This Day in Presbyterian History
Daily devotional readings in Scripture, the Westminster Standards, & Presbyterian history.
A visiting minister was asked to lead in prayer in Sunday school, and when he had finished, a teacher heard one of her girls whisper, “Gosh, what a prayer!” Such an exclamation seems incongruous in expressing one’s appreciation of a prayer, but a little thought will lead anyone to the conclusion that “gosh” is not an appropriate word for a Christian to use on any occasion whatsoever. When we look into the original meaning of such interjections, we may be surprised that even some Christian people are habitual users of expressions which the dictionary terms “minced oaths.”
A very commonly used interjection is “Gee.” It is capitalized in Webster’s New International Dictionary and given this definition: “A form of Jesus, used in minced oaths.” This derivation is even more apparent when the form “Yikes,” now frequently heard, is used. Two other common words and their definitions are these: “Golly—a euphemism for God, used in minced oaths; gosh, a substitute for God, used in minced oaths.” “Darn, darned, darnation” are said to be “colloquial euphemisms for damn, damned, damnation.” Persons who allow their lips to utter “Gosh- darned” quite freely would be shocked if they realized the real meaning of the word.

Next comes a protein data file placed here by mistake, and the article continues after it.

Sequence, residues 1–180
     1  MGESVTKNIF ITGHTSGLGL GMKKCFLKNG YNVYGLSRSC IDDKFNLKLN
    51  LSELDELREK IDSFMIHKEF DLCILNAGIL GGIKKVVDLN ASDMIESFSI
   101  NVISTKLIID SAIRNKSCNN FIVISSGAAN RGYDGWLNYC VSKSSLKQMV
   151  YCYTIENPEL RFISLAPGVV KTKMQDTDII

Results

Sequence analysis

A certain minister, professor in a sound seminary, when he was a child was not allowed to use “goodness,” “mercy,” or “gracious” as exclamations. He was inclined to think the restrictions a family peculiarity, merely a parental overcarefulness, but now he can see that it had a sound Calvinistic basis. The Shorter Catechism asks, “What is required in the third commandment?” and then gives this answer: “The third commandment requireth the holy and reverent use of God’s names, titles, attributes, ordinances, words, and works.” Certainly goodness is an attribute of God. Read more at http://www.thisday.pcahistory.org/2017/03/march-18-4/